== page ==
If you're seeing this message, it means we're having trouble loading external resources on our website.

If you're behind a web filter, please make sure that the domains *.kastatic.org and *.kasandbox.org are unblocked.

Main content
Current time:0:00Total duration:10:43

Theory of Knowledge: Analyzing Knowledge #4 (Tracking Theories)

Video transcript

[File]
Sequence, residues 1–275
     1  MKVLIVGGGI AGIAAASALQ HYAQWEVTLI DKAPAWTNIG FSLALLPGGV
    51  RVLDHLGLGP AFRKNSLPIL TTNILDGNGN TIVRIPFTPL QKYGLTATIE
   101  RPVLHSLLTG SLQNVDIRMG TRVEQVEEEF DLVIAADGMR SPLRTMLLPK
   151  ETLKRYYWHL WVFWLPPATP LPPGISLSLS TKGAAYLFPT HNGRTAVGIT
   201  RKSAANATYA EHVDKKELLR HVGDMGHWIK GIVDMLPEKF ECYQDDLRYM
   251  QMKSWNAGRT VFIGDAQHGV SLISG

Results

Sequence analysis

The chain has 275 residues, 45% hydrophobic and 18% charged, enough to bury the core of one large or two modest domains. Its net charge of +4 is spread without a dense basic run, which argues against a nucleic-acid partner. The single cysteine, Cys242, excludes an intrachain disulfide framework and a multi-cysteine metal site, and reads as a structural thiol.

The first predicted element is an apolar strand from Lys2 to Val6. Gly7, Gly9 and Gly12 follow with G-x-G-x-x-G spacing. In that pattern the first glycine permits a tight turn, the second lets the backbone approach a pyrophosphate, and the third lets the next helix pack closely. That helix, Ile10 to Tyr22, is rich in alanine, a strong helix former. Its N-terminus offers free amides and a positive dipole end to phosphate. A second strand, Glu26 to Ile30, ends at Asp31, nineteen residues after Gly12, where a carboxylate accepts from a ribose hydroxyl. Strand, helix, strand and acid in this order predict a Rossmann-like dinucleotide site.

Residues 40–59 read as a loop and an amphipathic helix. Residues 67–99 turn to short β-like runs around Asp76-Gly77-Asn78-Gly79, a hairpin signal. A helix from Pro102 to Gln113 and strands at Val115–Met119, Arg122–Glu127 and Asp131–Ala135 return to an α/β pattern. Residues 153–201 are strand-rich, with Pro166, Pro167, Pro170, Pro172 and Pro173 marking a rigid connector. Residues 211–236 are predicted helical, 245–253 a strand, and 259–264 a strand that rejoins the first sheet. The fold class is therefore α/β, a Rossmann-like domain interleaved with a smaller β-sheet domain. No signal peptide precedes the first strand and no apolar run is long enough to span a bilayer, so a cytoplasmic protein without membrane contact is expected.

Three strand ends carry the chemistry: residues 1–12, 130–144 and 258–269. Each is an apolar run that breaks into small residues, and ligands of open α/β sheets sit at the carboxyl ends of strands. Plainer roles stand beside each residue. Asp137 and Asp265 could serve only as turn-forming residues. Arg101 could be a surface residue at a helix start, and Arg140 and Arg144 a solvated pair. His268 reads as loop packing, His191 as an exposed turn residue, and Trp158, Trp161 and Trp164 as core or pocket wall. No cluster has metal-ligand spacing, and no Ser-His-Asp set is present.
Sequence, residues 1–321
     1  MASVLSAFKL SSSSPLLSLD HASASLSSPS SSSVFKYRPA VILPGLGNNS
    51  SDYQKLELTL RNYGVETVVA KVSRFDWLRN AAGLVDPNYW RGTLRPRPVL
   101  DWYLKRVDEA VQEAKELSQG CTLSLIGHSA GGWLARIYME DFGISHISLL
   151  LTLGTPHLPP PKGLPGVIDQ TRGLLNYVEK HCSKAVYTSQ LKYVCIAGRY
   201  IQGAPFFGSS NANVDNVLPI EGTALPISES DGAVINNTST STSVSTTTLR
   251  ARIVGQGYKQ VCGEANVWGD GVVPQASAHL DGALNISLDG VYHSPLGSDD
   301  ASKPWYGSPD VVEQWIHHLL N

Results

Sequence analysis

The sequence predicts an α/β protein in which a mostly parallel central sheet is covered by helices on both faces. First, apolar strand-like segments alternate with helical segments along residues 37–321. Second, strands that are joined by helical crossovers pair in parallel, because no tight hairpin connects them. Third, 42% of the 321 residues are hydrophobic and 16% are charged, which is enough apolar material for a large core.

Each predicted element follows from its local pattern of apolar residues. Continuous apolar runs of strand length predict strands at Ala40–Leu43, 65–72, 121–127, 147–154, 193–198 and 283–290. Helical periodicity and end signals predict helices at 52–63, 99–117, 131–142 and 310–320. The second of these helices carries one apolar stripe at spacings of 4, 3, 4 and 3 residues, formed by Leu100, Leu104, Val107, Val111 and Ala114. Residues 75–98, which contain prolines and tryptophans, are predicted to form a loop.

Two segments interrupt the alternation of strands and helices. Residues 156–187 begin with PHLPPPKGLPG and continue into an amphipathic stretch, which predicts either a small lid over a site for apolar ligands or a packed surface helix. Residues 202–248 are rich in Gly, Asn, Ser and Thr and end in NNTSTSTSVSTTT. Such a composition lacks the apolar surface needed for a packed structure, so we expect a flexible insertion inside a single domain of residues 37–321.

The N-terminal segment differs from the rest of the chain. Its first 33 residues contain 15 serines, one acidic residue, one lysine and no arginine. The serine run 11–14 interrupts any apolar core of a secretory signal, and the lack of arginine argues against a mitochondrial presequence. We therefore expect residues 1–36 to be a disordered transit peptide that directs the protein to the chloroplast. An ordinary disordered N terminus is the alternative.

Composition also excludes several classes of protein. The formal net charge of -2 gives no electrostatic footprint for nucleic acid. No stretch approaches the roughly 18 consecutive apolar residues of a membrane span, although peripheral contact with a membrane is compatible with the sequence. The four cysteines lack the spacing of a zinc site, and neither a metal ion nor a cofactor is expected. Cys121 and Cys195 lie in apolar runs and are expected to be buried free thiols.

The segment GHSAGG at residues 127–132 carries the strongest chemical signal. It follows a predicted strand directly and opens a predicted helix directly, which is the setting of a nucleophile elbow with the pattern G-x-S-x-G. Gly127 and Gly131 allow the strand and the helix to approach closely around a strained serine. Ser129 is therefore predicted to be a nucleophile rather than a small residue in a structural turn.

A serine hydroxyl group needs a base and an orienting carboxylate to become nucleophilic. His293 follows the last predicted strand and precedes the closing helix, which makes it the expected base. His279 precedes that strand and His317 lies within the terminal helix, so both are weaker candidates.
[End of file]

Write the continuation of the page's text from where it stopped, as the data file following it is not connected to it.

my name is Jeff Penn I teach philosophy at Northern Illinois University and today I'm going to talk about the tracking theory of knowledge let's start by reviewing the causal theory of knowledge which Jennifer Nagel discussed in the previous video in this series the causal theory invented by Alvin Goldman says the tannot effect is to have a belief that was caused by that very fact suppose that I'm visiting the zoo and see zebra I know that there's a zebra in front of me the causal theory says that this is because given how my visual system works and my knowledge of what zebras look like the fact that there's a zebra in front of me caused me to believe that there's a zebra in front of me but Goldman himself discovered a big problem with the causal theory whether you know something can depend in part upon environmental factors that might never have any causal impact on your belief at all suppose for example that one of the zoo officials secretly sold all that one of the zebras to an eccentric billionaire to put in his private backyard zoo to cover up his crime the official figured out how to dye the hair on a bunch of cheap mules so that they look exactly like zebras the fake zebras are now regularly on display fooling the public into thinking that the zoo still has a lot of zebras running around so in fact while I'm looking at the only actual zebra in the pen all the other animals around that are mules cleverly disguised to look just like zebras if I were looking at one of those mules instead I'd still think to myself with just as much confidence as I actually have that's a zebra in this environment I could very easily be wrong about what kind of animal I'm looking at I can't tell zebras from fake mules just by looking at them under such circumstances it seems that I don't really know that there's a zebra in front of me but according to the causal theory I do know after all my belief that there's a zebra in front of me was in fact caused by the presence of the one real zebra in front of me since that's the animal I happen to be looking at when I asked the question what am I looking at the tracking theory is designed to avoid this kind of problem the main idea was first proposed by Fred wretzky in 1971 but it got its name from Robert Nozick who wrote extensively about it in a book published a decade later what's the difference between a normal case where you know that you're looking at a zebra and the funny case where they're all these fake zebras running around well here's one important difference in the honest Zoo the following conditional seems true if there weren't a zebra in front of you you wouldn't believe that there was think about it for a minute there are no fake zebras in an honest Zoo so in an honest Zoo if you weren't looking at a zebra you wouldn't mistakenly think that you were looking at a zebra there wouldn't be any fake zebra zoning around to mislead you about what animal you were seeing but in a dodgy Zoo full of fake zebras things are quite different in that zoo you would still think you were looking at a zebra even if you really weren't so that conditional called a counterfactual because it describes how things would be if they were different than they actually are is true in the normal zoo but false in the dodgy Zoo the tracking theory says that this is why you don't know in the dodgy Zoo even though the causal connection between your belief and the fact is the same as it was in the normal Zoo the philosophical idea behind this example is that to know something it's not enough that you're actually right about how things are knowers also would have been right if things had been different in various ways as Nozik put it NORs are able to track the truth in a variety of different situations notice that captured this idea with - counterfactual conditionals together he thought they specified the difference between knowing and merely having a true belief in his view you know that pee just in case you have a true belief that pee and the following two conditionals are also true first if pee weren't true you wouldn't believe that pee and second if P were true you would believe that pee the first counterfactual is just what's lacking in the dodgy Zoo this conditional has come to be known as the sensitivity requirement and it's been the aspect of the tracking theory that has attracted the most attention among epistemologists the second conditional is a little trickier to understand at first it's called the adherence requirement here's an example of how it's supposed to work suppose you're just really bad at recognizing different animals you've got no idea what anything looks like somewhat embarassingly you have no idea what zebras look like when you happen upon the zebra in the zoo you think to yourself well I'm just going to guess what kind of animal that is and lucky you you happen to guess correctly that you're seeing a zebra but really honestly you have no idea you could easily have guessed that it was an orangutan or a hippo or whatever you don't actually know that it's a zebra however your belief arguably meets the sensitivity requirement if there weren't a zebra there you wouldn't have been prompted to make any guess at all and so wouldn't have believed that there was one yet your belief doesn't meet the adherence requirement since your guess was basically random if things had been slightly different you could easily have guessed a different animal and been wrong so it's not the case that if the animal were a zebra you would still believe that it was a zebra the tracking theory is related to reliabilism which Jennifer discussed along with the causal theory but one kind of case that she mentioned makes trouble for reliabilism your friend Pierre is holding a lottery ticket you know how high the odds are that his ticket is a loser and so on this basis you conclude that his ticket has lost most people would agree that you don't really know that his ticket has lost despite the fact that this is a very reliable way of forming a belief the chances of your being wrong after all are one in a hundred million or whatever but the tracking theory in particular the sensitivity requirement correctly implies that you don't know in this case when your belief is based purely on the odds if Pierre's ticket were not a loser ie if Pierre had won the lottery you would still believe that it was a loser your belief isn't sensitive and so you don't know there are a number of challenges to the tracking theory one has to do with cases where the theory seems too demanding cases where it seems like you really do know what your belief doesn't track the truth Nozik himself came up with the most famous example like this imagine an alien grandmother who gets a visit from her beloved grandson he's very healthy and she can tell by looking and talking with him that he's perfectly well she knows that he's well but suppose that her children are so concerned about her fragile health that if her grandson had been sick they would have kept him home called her up and told her that he was perfectly healthy but just couldn't make it to see her she would have believed them it looks like her belief then doesn't meet the sensitivity requirement if her grandson had not been well she would still have believed that he was well so according to the tracking theory she doesn't know that he's well and that just seems wrong Nosek responded to this problem by revising the tracking theory someone he said that what matters is not just that our beliefs do track the truth but that our beliefs track the truth given the methods by which we form them in this case given the method by which the grandmother formed her belief about her grandson namely by looking and talking with him in person she wouldn't have believed that he was well if he wasn't this modification makes the theory somewhat more complicated and raises a number of further questions that we won't go into here another kind of problem has to do with what's called the closure principle for knowledge the closure principle says that when you know P and you know that P implies Q you're also in a position to know Q it's a very plausible idea it seems that when you figure out that one thing you know implies something else that's just a way of learning that further thing - but the tracking theory at least as drets Qian knows it formulated it is incompatible with the closure principle that's because your belief that P can track the truth while your belief that Q fails to track the truth even if you know that P implies Q here's an example suppose you're in that honest Zoo again you know that you're looking at a zebra since your belief tracks the truth but here's a belief that doesn't track the truth the belief that you're not looking at a mule cleverly disguised to look like a zebra think about what would be the case if that were true if you were looking at such a mule you'd still believe that you weren't so that belief doesn't meet the sensitivity requirement but of course it's obvious that if something's a zebra it's not a cleverly disguised mule zebras after all are not mules so according to Nozick you can know that the animal is a zebra know that this implies that it's not a cleverly disguised mule and yet fail to know that it's not a cleverly disguised mule jet-skiing Nosek actually thought that the fact that their theories implied that the closure principle is false was a plus and not a minus they used this aspect of their theories to come up with a novel solution to the problem of skepticism if the closure principle is false then I might be able to know for example that I have hands even though it's impossible for it to me to know whether or not I'm a handless brain and in that being deceived into thinking that I have hands most epistemologists haven't been swayed by the idea that denying the closure principle can solve the problem of skepticism and they think that the correct theory of knowledge has to respect the closure principle or at least something close to it this has prompted some people to come up with new versions of the tracking theory that do respect the closure principle sherilyn rauch for example has recently developed a detailed quote tracking with closure and quote theory proponents of the tracking theory think that it's worth pursuing despite challenges because it seems to capture so well the idea that knowing involves the ability to figure out how things are in a variety of different circumstances you